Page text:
About Author

A good-hearted old Sardarji taxi driver expedited Shyam Bhatya’s entry into this world, rushing him to hospital,  at a time when Sardarji taxi drivers were ubiquitous on the Kolkata street scene. Schooled in the Himalayan mountains as a boarder for eight years, Shyam Bhatya did his graduation with English Literature from Kolkata, before easing himself into a career he thought he was cut out for, but later discovered to be myopic, to say the least.

A decade on and off in Advertising as a copywriter and artist urged Shyam to move on in life. In the late eighties, he migrated to the United States, and soon found work as a Copy Editor with an international textbook publishing company. Five years later, bullied by economic happenstance, he switched to selling Insurance and Real Estate, which again was interspersed with a short stint as a financial writer. The bug that bit him then in college has again resurfaced, evidence this blog, which is like a clothesline with essays, commentary, poems, illustration, and occasional cartoons hung out to dry.

Shyam Bhatya is a free-wheeling artist and writer domiciled as they insist in saying “in the land of the free, home of the brave.” He considers himself an aspiring gentleman, one-time wicket keeper, a tree hugger, and butterfly chaser in his spare time. A final note for visitors: Feedback and comments regarding contents posted on this blog are always welcome. Nothing stirs the idle mind like wayward thought and sub-divided attention.

4 responses to “About Author

  1. Surely one of the best Abouts ever crafted by a free-wheeling blogger! The idle mind of this reader was very pleasantly stirred… : )

    • Thanks Mark, for the delightful comments. I wonder if you’d tried your hand at single-panel cartoons, with or without captions (which you’d probably be very good at, if you tried), like the ones you see in The New Yorker, etc. Talking about TNY, not all their cartoons are great. However, their illustrations are always excellent. Punch magazine, UK (now defunct) is where you could see the best cartoon illustrations many years ago. You probably have seen some of their work, especially that of Quentin Blake, Ronald Searle, Michael Ffolkes, Handlesman, Larry, Thelwell, Edward McLachlan to name just a few of the many greats (including Charles Barsotti from across the pond).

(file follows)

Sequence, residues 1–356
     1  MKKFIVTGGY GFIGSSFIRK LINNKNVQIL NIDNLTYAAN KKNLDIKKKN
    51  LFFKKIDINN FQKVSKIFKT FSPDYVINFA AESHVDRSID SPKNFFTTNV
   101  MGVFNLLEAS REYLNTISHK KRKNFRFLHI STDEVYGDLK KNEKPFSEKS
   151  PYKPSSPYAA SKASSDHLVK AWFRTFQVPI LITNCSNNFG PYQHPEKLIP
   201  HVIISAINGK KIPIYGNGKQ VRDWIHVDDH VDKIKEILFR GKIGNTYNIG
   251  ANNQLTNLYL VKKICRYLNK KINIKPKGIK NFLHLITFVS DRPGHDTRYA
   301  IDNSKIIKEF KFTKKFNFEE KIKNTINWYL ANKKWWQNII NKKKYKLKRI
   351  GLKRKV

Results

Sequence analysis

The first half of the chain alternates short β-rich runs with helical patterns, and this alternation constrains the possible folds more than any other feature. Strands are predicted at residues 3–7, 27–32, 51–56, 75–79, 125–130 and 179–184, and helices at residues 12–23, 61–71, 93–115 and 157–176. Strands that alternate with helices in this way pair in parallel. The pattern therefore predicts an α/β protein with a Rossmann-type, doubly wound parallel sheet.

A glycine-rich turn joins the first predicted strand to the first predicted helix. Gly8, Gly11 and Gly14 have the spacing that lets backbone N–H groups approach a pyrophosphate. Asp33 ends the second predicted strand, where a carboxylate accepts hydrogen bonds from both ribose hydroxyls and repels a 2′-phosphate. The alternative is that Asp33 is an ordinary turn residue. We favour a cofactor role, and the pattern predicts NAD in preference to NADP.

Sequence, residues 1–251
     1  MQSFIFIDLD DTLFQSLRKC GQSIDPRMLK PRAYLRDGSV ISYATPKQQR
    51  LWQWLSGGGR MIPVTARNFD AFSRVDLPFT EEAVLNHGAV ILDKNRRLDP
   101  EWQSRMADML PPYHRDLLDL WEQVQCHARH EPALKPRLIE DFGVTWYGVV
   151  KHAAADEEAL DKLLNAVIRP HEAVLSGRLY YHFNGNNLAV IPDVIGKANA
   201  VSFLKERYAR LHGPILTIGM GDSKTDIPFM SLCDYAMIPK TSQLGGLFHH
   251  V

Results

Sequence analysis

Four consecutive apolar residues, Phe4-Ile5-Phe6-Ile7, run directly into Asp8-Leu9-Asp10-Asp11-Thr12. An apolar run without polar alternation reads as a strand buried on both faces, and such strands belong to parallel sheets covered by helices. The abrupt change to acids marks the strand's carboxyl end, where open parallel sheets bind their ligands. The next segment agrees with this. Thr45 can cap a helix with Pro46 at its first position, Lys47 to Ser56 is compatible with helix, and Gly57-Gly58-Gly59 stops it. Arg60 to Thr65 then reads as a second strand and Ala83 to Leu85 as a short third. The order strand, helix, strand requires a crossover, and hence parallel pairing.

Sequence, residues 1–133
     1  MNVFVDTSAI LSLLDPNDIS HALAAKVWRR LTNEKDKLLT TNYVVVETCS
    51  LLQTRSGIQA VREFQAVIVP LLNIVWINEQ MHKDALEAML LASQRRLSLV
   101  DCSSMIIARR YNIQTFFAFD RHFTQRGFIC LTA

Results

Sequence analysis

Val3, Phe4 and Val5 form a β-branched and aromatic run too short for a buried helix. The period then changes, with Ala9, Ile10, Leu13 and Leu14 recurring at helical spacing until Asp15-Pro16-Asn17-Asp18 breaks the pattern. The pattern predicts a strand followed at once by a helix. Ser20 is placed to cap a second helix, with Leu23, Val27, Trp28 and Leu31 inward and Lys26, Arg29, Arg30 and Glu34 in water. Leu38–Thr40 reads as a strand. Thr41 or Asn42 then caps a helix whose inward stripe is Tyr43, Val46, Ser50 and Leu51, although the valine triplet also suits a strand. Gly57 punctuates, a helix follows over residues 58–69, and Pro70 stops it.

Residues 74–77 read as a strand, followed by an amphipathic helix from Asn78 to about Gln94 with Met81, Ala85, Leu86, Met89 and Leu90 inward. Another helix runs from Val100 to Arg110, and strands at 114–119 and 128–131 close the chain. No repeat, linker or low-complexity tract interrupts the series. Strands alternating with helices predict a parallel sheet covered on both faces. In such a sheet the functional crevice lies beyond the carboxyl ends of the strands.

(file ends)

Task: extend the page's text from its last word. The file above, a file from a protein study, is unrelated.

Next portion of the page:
2. I actually started out as a magazine gag cartoonist, before migrating over to illustration. I did hundreds of B&W cartoons on speculation. Never came close to getting in The New Yorker, but did manage to crack many of the second tier markets: Better Homes & Gardens, TV Guide, Golf Digest, etc. I really regret the demise of the “general” cartoon (New Yorker toons treat mixed subjects, but they have a very unique vibe that puts them in separate category, I think).

    And I felt awful when Punch went under. Just thinking about it is painful. I loved their stuff, and I’m quick to grab any Punch collection that I find at used bookstores. Those cartoonists you named are all heroes of mine; they cranked out some truly inspired lunacy.

    Many thanks for your cheerful reply!

    • Would love to see some of the gag cartoons you did for magazines back then, published or unpublished. Trust you’ve saved and archived them somewhere. Nice to know you share my love for some of the Punch “greats.” Speculative work can get quite tiring because of the uncertainty, involved so hope the switch is paying off. Good luck, as always!

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